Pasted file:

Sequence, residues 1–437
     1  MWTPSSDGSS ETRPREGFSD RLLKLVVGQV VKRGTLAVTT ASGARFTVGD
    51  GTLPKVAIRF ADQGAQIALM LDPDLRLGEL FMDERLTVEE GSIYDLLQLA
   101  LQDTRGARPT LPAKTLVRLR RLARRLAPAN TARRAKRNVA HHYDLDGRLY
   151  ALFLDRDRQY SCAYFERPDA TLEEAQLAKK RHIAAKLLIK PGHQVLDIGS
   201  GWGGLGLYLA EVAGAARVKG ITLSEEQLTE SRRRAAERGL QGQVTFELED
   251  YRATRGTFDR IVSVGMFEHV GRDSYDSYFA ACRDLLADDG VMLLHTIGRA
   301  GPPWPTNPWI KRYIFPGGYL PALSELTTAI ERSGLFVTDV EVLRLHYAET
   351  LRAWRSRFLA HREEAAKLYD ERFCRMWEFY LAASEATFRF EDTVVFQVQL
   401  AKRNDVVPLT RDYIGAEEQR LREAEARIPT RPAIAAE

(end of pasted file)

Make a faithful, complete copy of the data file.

Sequence, residues 1–437
     1  MWTPSSDGSS ETRPREGFSD RLLKLVVGQV VKRGTLAVTT ASGARFTVGD
    51  GTLPKVAIRF ADQGAQIALM LDPDLRLGEL FMDERLTVEE GSIYDLLQLA
   101  LQDTRGARPT LPAKTLVRLR RLARRLAPAN TARRAKRNVA HHYDLDGRLY
   151  ALFLDRDRQY SCAYFERPDA TLEEAQLAKK RHIAAKLLIK PGHQVLDIGS
   201  GWGGLGLYLA EVAGAARVKG ITLSEEQLTE SRRRAAERGL QGQVTFELED
   251  YRATRGTFDR IVSVGMFEHV GRDSYDSYFA ACRDLLADDG VMLLHTIGRA
   301  GPPWPTNPWI KRYIFPGGYL PALSELTTAI ERSGLFVTDV EVLRLHYAET
   351  LRAWRSRFLA HREEAAKLYD ERFCRMWEFY LAASEATFRF EDTVVFQVQL
   401  AKRNDVVPLT RDYIGAEEQR LREAEARIPT RPAIAAE